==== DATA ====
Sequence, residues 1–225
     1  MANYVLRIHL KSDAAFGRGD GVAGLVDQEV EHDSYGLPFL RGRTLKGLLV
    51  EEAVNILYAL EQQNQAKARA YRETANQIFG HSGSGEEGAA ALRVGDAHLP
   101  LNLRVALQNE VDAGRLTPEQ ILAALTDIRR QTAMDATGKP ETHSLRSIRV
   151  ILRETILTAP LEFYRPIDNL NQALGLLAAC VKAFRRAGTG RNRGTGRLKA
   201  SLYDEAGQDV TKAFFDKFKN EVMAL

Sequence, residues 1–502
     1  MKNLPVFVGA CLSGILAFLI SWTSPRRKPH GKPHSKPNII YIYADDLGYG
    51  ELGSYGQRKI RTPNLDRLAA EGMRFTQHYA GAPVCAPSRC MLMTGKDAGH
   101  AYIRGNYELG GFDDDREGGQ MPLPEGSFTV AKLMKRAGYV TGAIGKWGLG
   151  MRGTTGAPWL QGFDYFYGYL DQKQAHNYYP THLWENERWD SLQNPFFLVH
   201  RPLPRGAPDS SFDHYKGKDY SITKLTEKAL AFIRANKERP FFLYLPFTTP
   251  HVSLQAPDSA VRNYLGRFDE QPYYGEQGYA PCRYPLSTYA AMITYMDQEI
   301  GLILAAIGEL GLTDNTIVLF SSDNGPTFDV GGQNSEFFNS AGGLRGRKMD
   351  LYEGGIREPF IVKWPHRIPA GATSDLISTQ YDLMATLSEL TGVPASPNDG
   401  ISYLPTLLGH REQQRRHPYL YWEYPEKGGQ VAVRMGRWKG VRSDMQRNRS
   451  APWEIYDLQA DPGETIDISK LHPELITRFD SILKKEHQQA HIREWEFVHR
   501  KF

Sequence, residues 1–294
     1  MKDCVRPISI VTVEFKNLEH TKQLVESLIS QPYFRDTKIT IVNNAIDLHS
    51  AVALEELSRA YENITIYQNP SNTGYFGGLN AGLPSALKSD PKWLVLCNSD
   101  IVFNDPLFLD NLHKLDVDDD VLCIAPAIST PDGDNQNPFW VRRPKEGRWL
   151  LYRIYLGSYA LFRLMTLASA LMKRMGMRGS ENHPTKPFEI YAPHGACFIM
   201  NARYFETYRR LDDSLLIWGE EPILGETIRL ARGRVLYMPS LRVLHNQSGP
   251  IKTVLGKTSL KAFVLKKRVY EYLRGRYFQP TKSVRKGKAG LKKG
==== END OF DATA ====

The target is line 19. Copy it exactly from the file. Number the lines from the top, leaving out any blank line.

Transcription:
Sequence, residues 1–294